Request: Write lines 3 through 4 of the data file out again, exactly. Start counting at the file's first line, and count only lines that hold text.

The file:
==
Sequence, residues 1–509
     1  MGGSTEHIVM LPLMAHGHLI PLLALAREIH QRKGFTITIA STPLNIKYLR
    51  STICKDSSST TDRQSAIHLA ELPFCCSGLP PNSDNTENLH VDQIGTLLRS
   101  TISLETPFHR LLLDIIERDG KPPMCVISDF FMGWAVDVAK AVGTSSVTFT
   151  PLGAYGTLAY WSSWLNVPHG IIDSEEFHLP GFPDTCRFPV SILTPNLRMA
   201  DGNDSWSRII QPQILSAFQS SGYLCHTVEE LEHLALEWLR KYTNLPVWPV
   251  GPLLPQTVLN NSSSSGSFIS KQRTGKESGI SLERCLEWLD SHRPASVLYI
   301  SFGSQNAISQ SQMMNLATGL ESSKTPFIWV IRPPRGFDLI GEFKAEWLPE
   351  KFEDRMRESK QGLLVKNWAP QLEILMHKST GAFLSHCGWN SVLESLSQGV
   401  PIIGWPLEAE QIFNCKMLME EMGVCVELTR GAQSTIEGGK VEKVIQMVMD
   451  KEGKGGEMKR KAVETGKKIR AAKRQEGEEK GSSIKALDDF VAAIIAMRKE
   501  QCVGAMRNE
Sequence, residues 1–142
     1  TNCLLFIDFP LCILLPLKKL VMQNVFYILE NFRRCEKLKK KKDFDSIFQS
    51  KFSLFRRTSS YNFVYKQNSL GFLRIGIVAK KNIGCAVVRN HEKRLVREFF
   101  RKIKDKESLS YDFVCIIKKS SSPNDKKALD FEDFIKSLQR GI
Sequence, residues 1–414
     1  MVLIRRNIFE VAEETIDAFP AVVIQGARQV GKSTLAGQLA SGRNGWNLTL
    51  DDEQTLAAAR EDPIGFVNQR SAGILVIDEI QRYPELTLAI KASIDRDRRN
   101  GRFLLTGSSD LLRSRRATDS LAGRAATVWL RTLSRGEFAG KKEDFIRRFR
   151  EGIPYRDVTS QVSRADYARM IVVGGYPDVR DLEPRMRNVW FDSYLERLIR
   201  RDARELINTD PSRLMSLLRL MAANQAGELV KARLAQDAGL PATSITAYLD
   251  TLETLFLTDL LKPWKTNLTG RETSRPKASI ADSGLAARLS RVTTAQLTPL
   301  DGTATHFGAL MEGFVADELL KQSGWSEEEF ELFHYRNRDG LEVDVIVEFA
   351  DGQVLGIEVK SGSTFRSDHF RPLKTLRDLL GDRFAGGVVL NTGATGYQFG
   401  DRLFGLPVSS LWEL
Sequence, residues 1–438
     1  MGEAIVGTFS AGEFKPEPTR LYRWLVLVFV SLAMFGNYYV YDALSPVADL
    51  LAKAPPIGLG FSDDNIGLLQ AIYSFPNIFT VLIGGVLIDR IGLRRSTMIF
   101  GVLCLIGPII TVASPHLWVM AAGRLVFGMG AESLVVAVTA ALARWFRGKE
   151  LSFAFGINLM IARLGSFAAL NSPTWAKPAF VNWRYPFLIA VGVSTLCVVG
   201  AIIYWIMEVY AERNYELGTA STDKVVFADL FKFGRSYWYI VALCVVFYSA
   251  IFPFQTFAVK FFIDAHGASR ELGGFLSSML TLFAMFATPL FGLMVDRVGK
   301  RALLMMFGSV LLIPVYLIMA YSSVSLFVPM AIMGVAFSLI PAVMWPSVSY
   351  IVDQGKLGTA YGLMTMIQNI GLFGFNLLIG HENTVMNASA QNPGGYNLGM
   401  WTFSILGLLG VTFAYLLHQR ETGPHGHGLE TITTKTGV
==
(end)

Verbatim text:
    51  STICKDSSST TDRQSAIHLA ELPFCCSGLP PNSDNTENLH VDQIGTLLRS
   101  TISLETPFHR LLLDIIERDG KPPMCVISDF FMGWAVDVAK AVGTSSVTFT